Making the Impossible Happen: A Profile of Impossible Foods
By Nora Rosati
Introducing Impossible Foods, the company that makes meat from plants. In their own words, Impossible is “working to transform the global food system by inventing better ways to make the foods we love, without compromise.”
Impossible Foods began in 2011 when CEO and Founder Pat Brown quit his job as a biochemistry professor at Stanford University School of Medicine to tackle what he described as “the most important and urgent problem in the world” — the use of animals for food production. As Dr. Brown wrote in The Mission that Motivates Us, “Relying on cows to make meat is land-hungry, water-thirsty, and pollution-heavy. That’s why we set out to do the impossible: make delicious meats that are good for people and the planet.”
If you’re not convinced our meat-eating habits are at odds with a thriving planet, consider Impossible’s well-cited breakdown of the current situation: Animal agriculture has the most destructive impact on the global environment than that of any other technology on Earth. “The greenhouse gas footprint... rivals that of every car, truck, bus, ship, airplane, and rocketship combined. [And it] pollutes and consumes more water than any other industry.” Not to mention that, according to this data, raising the animals we eat takes up 45% of the land on the surface of the Earth (while “all the buildings, roads and paved surfaces in the world occupy less than 1% of the Earth’s land surface.”)
Head of Content Ashley Geo traces the beginning of the Impossible journey back to a team of hyper-focused scientists and problem-solvers. They started with the basics (what a biochemist considers basic, at least): “Flavor molecules, materials and textures...the reactions that make meat cook, handle, smell, and taste like meat -- the comprehensive experience. Our team took this knowledge and discovered the same molecules, proteins, and nutrients in meat, and found them in plants,” Geo explained. That, plus a conviction that something needed to change to secure our planet’s future led Dr. Brown to rethink and ultimately reinvent the technology used to create meat.
As Dr. Brown wrote, “Most people erroneously conflate meat, fish and milk (the foods) with the animals that produce them (the production technology). It turns out that consumers love meat, fish and dairy foods not because they come from animals, but in spite of the fact that they come from animals. To most consumers, the fact that we currently use animals to produce these foods is a necessary (or so we’ve assumed) evil. Until today, the only technology we’ve known that can turn plant into meat has been animals.”
So Dr.Brown and his team did the impossible: they figured out how to make your favorite burger from plants. According to Impossible’s sustainability report, today there exists an animal-free burger that “beats the cow in blind tests, requires roughly 75% less water and 95% less land, and generates about 87% lower greenhouse gas emissions than a conventional burger from cows. And while it has the iron and protein, the Impossible Burger is produced without using hormones or antibiotics and contains 0 mg of cholesterol.”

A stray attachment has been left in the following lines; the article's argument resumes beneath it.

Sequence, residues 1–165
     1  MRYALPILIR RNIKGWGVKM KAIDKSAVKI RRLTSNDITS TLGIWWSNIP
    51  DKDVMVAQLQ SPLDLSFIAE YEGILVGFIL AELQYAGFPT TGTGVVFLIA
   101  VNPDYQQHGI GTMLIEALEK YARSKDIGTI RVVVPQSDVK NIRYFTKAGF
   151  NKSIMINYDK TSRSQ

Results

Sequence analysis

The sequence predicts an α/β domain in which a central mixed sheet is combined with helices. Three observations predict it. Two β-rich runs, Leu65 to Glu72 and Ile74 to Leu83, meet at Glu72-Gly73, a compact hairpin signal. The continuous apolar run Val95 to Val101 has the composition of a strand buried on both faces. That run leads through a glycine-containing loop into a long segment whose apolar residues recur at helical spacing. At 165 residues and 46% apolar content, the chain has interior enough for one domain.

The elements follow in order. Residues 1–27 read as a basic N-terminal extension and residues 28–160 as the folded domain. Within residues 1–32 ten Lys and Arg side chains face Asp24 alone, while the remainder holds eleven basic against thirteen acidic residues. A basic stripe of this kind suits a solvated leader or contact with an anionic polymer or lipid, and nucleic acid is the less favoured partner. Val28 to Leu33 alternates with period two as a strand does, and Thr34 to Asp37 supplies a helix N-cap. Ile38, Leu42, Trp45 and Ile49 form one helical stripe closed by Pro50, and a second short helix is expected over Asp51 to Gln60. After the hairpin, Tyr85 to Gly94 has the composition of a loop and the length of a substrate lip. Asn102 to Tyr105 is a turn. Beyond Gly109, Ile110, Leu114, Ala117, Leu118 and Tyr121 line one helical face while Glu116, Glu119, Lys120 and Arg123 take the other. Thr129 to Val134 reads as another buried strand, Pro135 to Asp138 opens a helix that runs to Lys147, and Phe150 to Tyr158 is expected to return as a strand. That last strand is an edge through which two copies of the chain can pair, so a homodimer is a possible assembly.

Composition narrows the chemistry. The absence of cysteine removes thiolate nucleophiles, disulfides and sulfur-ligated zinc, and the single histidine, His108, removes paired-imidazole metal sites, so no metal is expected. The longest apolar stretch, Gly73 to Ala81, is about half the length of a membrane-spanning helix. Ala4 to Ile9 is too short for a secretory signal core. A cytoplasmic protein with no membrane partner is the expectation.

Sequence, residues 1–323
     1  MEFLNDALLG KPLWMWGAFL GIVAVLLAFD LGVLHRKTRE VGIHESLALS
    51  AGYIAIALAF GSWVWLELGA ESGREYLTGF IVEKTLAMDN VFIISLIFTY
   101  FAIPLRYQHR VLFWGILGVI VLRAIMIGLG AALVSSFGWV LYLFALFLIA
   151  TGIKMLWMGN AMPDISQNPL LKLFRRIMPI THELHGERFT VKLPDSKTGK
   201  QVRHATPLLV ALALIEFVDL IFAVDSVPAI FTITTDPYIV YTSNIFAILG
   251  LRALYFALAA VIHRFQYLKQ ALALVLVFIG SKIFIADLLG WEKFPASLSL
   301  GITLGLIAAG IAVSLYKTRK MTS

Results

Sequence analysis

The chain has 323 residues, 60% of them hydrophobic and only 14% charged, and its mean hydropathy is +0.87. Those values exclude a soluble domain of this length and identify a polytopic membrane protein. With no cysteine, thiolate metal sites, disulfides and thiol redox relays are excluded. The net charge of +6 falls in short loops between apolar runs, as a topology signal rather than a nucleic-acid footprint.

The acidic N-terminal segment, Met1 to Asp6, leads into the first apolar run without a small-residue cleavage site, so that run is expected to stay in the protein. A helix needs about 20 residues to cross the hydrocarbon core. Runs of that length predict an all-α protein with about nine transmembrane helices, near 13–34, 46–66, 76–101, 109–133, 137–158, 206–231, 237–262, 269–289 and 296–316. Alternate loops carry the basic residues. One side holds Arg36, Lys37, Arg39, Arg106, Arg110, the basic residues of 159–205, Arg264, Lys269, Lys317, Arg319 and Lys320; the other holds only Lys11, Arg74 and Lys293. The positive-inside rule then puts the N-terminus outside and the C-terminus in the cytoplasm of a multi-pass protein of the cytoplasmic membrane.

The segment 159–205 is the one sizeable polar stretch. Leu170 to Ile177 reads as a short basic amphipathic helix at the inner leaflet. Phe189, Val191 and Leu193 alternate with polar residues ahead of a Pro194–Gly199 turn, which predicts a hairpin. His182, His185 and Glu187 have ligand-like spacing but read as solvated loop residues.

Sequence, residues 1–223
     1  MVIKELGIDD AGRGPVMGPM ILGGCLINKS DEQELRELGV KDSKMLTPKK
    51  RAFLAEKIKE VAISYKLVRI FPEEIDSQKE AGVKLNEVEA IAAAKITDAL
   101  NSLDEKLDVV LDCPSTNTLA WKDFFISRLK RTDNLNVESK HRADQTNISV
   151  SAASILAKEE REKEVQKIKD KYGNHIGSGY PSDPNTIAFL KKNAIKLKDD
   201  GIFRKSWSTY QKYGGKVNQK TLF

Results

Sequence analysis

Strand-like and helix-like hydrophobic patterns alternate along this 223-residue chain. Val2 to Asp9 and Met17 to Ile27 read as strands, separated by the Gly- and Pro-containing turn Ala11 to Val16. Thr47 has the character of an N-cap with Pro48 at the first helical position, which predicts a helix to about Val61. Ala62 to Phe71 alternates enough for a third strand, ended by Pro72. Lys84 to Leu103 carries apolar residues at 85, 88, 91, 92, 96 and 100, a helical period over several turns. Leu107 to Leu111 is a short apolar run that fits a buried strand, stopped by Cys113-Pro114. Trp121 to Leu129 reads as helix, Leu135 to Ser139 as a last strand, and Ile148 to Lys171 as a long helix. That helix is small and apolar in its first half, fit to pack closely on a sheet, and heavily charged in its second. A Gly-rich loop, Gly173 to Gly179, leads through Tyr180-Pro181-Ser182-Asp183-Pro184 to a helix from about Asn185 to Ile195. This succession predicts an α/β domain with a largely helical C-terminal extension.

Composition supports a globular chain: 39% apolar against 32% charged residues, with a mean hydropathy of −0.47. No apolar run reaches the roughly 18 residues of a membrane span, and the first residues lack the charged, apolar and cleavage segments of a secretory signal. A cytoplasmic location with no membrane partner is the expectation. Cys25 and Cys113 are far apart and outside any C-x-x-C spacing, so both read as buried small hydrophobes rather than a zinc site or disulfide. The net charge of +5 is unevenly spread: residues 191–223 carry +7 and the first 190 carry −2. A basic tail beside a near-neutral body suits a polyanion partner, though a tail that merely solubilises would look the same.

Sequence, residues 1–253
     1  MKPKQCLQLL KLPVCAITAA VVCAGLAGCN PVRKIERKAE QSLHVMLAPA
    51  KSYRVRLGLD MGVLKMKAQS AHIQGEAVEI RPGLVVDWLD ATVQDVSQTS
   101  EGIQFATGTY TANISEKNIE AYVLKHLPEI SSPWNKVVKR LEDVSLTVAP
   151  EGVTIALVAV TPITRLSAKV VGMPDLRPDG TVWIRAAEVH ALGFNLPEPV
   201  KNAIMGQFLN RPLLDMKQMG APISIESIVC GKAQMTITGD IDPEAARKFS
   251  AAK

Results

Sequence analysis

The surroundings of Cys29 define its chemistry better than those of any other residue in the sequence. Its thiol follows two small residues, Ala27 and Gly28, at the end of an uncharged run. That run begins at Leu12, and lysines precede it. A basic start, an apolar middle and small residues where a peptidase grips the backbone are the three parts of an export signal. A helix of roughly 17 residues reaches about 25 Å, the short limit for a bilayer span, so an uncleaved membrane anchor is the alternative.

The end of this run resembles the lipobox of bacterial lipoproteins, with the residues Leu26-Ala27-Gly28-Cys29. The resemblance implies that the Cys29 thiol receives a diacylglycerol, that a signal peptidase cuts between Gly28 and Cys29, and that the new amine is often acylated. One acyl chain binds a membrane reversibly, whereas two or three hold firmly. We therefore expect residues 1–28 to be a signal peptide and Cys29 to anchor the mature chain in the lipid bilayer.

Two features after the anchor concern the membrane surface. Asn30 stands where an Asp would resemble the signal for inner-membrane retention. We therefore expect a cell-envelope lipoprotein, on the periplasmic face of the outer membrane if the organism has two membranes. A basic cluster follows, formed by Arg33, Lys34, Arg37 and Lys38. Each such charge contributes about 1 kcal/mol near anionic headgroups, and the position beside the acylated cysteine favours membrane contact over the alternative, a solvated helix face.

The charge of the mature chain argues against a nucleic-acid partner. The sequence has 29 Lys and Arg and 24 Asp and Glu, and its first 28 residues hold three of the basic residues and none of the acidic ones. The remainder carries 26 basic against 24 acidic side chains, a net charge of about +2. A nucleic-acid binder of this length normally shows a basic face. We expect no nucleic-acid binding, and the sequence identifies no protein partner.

True to their promise, the Impossible Burger doesn’t sacrifice flavor in the name of earth-friendly stats. “We prioritize deliciousness—something the consumer loves, in order to achieve our mission and save the planet. Our approach is: We all love meat, and have these wonderful memories growing up with meat— at barbecues, family gatherings, special moments. But we eat more meat than we can produce at a rate that’s faster than we can produce, and if we keep going, our kids won’t be able to. So, put simply: we’re just here to save your favorite steak,” Geo said.
Now they’re on a mission to get the burger— and eventually, “a wide range of delicious meat and dairy products”— into every grocery store and restaurant.
Aside from the ingenuity of its product, the urgency of the problem, and my unofficial role as an Impossible Foods fangirl, Impossible was an obvious choice for this series because it represents the fusion of business and social impact. And it covers a lot of bases: it’s a startup, a food company, and an environmental-justice organization. For this team, success is equal parts cash flow and impact -- and they reinforce one another.
“I’m often asked whether Impossible Foods is a tech startup or a food company. We’re both. But more importantly, we are a planet company. Our real 'product,' the measure by which we determine success, is a thriving planet for future generations,” Dr. Brown wrote.
What’s it like to work in such a dynamic, multidimensional space? Geo summarized it neatly: “By making the best product possible, we are going to reach the most consumers possible, to get the most sales possible, and therefore to make the most sustainable food system we can.”
“When we reach business goals we are reaching our sustainability goals. There is no compromise involved at the business level,” Geo added.
At the end of the day, no matter where you are, work is work. If you’re in your twenties, you’ll be hard-pressed to find a job absolutely devoid of tedium, or long hours, or some kind of dysfunction. (If any of this sounds unfamiliar to you, please dish the details of your magical job to Second Day’s job board team).
“I’ve been with the company for three years now, and there are times when I really feel the fact that I’m working at a fast-paced startup. It can be exhausting,” Geo said. “But I’m driven by the fact that what I’m doing is for the greater good...When I’m out representing the company, I’m reminded that I’m not just talking about any company. I’m talking about a company that was founded to make a difference. And the magnitude of what we’re trying to do is really inspiring.”
To learn more about Impossible Foods, the Impossible Burger -- or better yet, to join the movement -- visit impossiblefoods.com.